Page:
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De-commodification - De-Commodification in Social Policy by...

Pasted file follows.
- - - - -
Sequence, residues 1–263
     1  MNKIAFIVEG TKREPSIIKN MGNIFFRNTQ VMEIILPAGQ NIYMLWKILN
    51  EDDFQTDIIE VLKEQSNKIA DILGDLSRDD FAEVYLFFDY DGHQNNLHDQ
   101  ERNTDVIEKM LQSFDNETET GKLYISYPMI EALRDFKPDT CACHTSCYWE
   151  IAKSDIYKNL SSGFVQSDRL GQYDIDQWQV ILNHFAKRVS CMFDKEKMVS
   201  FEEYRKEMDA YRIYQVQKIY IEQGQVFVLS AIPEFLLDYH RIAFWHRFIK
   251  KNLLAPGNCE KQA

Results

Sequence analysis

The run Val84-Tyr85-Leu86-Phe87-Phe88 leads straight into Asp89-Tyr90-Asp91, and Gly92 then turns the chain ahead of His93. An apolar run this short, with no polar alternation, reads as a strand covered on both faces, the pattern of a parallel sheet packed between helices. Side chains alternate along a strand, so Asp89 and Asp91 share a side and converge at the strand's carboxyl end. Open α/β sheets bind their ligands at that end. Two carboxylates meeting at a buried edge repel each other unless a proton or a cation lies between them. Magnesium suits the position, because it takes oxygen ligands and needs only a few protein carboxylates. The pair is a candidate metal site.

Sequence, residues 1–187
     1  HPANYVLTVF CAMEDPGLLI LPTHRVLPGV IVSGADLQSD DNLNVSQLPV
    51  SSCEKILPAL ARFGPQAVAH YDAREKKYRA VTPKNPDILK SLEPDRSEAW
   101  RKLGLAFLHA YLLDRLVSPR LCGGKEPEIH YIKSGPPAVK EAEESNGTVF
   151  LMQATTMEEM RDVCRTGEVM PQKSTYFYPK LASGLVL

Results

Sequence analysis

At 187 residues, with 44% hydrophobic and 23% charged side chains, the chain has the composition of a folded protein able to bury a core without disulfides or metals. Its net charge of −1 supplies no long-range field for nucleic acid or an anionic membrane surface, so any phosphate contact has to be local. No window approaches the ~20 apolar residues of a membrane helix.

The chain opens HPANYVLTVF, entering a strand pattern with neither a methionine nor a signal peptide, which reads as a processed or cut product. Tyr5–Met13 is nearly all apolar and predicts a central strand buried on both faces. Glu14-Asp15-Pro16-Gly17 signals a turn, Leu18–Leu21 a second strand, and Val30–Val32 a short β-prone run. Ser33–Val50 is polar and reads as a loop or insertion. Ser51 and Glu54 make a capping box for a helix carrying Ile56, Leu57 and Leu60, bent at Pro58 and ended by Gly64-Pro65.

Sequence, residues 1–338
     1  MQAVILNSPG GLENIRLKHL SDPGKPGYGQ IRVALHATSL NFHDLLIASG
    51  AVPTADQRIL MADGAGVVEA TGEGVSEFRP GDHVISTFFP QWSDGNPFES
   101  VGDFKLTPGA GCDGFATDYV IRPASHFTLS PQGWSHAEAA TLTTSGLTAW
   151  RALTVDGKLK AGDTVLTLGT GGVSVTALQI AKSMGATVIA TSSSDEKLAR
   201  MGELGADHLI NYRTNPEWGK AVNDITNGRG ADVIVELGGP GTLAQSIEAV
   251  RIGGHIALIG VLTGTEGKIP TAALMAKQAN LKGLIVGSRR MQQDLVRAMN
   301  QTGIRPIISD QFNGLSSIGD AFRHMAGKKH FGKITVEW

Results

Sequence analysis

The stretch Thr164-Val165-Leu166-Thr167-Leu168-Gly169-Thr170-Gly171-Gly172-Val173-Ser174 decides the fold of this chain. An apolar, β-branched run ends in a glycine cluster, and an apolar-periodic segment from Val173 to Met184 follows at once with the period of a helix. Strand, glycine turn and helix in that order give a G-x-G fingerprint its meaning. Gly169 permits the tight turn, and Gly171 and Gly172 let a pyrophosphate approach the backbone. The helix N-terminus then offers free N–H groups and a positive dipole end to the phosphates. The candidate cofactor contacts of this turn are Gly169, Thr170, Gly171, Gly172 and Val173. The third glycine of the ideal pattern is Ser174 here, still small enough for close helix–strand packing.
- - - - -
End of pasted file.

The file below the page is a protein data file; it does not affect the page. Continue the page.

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De-Commodification in Social Policy by Gøsta Esping-Andersen The root of modern social policy stem from the process by which both human needs and labor power became commodities. Our well-being depends on our cash-nexus - money paid in wages for commodified labour. The onset (or onslaught) of modern capitalism transformed the structure of social policy. o Traditionally, it was not the labor contract, but the family, the church, or the lord that decided a person’s capacity for survival. The rise of capitalism came with the fall of “pre-commodified” social protection. Capitalism led to the need to satisfy human wants (purchase of commodities) and with that the prominence of purchasing-power and income distribution. When labor power also became a commodity, survival outside the market are at stake. o This is the most conflictual issue in social policy. The problem of commodification lay at the heart of Marx’s analysis of class development: the transformation of independent producers into propertyless wage-earners. o For Marx, The commodification of labor power implied alienation. Labor’s commodity has been a central concern of modern philosophy, ideology, and social theory. Classic laissez-faire liberals opposed alternatives to pure cash-nexus because they would disturb the supply and demand equilibrium. o Minimum wage would only make poverty worse. Marxism, on the other hand, had mixed views. o In some cases, human welfare could only occur with the abolition of wage labor. o In other cases, social amelioration would bring about decisive change. Traditional conservatism opposed commodifying humanity because it would jeopardize authority and social integration. o They feared it would lend a blow the old order. The new Poor Laws, amended in 1834, were a social policy intended to make wage employment and the cash-nexus the cornerstone of a person’s very existence. Welfare came to depend on the willingness of someone to hire one’s labor power. Essentially, it was designed to establish market hegemony in the distribution of welfare. o The market becomes to the worker a prison within which it is imperative to behave as a commodity in order to survive: there were` no alternatives to property and no state to which human needs can be directed. The commodification of both wants and people may strengthen the engine of capitalism, but it weakens the individual worker. The worker can choose between alternative utilities, jobs, employers, and leisure trade-offs. o But Marx argued that is freedom behind prison walls, hence an illusion. Workers are not commodities like others because they must survive and reproduce both themselves and the society they live in. Labor as a commodity is affected by contingencies such as illness and the nature of the business cycle.
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